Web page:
Peru, as the successor state to the dominant Spanish colony in South America, felt entitled to the lion’s share of the Amazon adjacent to its Andean heartlands. Through the 19thcentury, it maintained an active and, at times, acrimonious boundary dispute with Ecuador, while also contesting territory with Bolivia and Brazil, albeit in a less heated fashion.
Shortly before the present map was issued, Brazil and its local proxies gained the initiative in the Acre-Amazonas area. During what was known as the Acre War (1899-1903), they seized the region from de facto Bolivian control. At a treaty signed in the Brazilian city of Petrópolis (November 17, 1903), Bolivia ceded Acre to Brazil, and this practically ensured that any Peruvian claims upon the territory were invalid.
As for the Peru-Ecuador boundary dispute, for decades the countries had contested a 200,000 km2 (77,000 sq mi) roughly triangular tract that ran for the eastern slopes of the Andes down into the Amazon Basin between the Río Napo and Río Marañón.
Peru and Ecuador both claimed the disputed region since colonial times, and ever since gold and rubber were discovered there in the latter 19th century, the contest became more intense and acrimonious. Numerous high-level diplomatic attempts were made to resolve the matter through compromise. The Herrera-García Treaty (1890), arbitrated by the King of Spain, seemed promising, but was eventually rejected by both parties, and all other ventures proved to no avail. In 1904, the dispute remained red-hot, as so much was at stake.
The Peru-Ecuador boundary dispute would not be resolved until the Ecuadorian–Peruvian War (July 23-31, 1941), known locally as the Guerra del 41, when, during World War II, Peru mounted a lightening invasion of Ecuador, taking much territory and threatening to seize Guayaquil. Under the spectre of total defeat and U.S. pressure to end the conflict (the Americans wanted a ‘united front of the Americas’ during World War II), Quito relented, and Peru halted its advance.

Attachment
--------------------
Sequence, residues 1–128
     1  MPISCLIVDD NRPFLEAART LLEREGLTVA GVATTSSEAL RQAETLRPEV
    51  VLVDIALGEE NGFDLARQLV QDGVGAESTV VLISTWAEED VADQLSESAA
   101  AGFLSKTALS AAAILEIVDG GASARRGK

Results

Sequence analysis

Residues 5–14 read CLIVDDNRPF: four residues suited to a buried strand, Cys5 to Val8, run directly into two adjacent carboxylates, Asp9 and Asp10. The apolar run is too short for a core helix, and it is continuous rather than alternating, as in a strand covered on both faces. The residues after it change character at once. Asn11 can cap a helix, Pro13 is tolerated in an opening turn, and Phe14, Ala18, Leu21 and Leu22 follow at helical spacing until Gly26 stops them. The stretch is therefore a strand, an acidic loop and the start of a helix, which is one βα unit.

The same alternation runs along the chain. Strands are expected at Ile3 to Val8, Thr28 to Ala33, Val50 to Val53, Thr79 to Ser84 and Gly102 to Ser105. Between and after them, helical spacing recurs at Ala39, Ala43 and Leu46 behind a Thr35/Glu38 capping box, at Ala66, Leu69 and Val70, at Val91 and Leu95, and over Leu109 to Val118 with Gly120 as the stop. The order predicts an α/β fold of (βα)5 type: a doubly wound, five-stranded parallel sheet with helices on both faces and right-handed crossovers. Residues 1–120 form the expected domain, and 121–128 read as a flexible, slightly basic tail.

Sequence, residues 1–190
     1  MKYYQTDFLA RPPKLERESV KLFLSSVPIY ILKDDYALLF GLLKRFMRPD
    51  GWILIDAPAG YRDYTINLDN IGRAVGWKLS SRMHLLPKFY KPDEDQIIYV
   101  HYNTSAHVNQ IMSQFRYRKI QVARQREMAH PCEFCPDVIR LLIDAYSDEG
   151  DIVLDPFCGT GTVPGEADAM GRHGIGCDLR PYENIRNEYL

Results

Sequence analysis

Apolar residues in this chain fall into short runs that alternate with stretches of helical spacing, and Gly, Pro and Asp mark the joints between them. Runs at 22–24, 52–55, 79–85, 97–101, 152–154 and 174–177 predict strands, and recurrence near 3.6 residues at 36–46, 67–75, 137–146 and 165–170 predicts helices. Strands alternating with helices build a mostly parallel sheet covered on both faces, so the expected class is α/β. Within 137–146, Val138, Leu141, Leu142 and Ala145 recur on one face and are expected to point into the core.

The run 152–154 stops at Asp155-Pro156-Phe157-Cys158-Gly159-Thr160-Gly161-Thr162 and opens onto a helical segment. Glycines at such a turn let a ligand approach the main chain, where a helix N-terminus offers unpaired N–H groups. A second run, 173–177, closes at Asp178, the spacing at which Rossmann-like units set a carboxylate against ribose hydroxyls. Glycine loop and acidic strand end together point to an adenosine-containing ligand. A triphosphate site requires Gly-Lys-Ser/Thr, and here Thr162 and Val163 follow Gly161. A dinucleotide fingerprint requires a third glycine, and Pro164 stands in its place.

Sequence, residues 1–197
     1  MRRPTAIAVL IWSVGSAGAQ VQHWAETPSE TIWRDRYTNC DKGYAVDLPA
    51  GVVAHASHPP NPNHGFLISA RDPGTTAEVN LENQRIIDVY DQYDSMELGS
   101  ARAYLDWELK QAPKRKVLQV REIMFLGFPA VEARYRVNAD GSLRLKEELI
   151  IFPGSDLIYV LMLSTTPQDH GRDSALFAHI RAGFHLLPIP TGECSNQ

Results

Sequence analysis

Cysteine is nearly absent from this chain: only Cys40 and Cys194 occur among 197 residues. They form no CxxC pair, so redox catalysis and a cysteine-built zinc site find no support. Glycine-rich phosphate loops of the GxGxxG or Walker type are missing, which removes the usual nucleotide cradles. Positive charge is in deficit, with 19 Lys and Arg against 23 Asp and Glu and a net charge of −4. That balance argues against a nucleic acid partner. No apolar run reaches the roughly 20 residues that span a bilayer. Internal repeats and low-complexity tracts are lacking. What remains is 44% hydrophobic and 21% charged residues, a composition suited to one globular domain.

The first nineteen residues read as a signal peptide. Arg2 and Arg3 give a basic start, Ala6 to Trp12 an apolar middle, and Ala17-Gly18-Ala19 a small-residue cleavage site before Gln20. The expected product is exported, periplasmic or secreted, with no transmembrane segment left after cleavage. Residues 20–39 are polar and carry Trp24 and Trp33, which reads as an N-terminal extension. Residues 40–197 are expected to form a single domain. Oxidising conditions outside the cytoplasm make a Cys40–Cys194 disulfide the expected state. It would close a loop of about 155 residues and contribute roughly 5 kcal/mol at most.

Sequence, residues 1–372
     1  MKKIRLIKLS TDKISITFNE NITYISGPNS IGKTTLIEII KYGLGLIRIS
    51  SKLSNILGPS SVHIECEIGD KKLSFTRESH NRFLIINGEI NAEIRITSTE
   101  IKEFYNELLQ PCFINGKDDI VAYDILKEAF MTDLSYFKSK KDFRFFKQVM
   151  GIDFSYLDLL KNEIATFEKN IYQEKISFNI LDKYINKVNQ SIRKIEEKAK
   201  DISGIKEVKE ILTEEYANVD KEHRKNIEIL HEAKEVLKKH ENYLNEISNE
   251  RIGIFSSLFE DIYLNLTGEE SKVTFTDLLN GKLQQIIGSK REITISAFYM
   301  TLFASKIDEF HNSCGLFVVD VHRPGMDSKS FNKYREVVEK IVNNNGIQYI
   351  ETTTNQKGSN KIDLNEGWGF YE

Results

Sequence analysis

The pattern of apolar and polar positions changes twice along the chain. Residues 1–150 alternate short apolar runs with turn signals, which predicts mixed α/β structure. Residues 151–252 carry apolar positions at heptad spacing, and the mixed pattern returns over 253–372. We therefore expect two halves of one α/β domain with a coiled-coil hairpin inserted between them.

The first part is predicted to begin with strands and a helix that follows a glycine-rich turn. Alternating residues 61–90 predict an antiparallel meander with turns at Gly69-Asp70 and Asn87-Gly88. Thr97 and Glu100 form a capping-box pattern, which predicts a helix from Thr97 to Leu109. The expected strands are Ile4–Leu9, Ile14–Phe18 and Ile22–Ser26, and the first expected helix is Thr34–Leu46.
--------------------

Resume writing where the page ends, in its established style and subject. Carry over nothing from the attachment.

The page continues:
At the Rio de Janeiro Protocol (January 29, 1942), Ecuador was forced to cede pretty much all the disputed territory, creating today’s Peru-Ecuador frontier. While Ecuador subsequently tried to ‘wriggle out’ of the protocol, these efforts proved fruitless, and both sides agreed to respect the boundaries in perpetuity at the Itamaraty Peace Declaration (1995).
Another major territorial-boundary issue noted on the map is the fact that Peru’s former southernmost department, Tarapacá, was ceded to Chile following the Pacific War (1879-1883), whereupon an annotation reads ‘Cedido a Chile por el tratado de 20 Octubre 1883’.
A Note on Rarity
The present map is extremely rare. It seems to have been a ‘boutiquey’ production issued in only a limited print run only for sale at J. Boix Ferrer’s ‘Joya Literaria’ bookstores, while the survival rate of such maps is often quite low.
We can trace only 2 institutional examples of the map, held by the British Library and the Bibliothèque nationale de France, although there are assuredly some additional examples in South American libraires not catalogued online. Moreover, we cannot find any sales records for any other examples.
References: British Library: Cartographic Items Maps 83005.(15.); Bibliothèque nationale de France: GE FF CARTE-10905; OCLC: 556341485.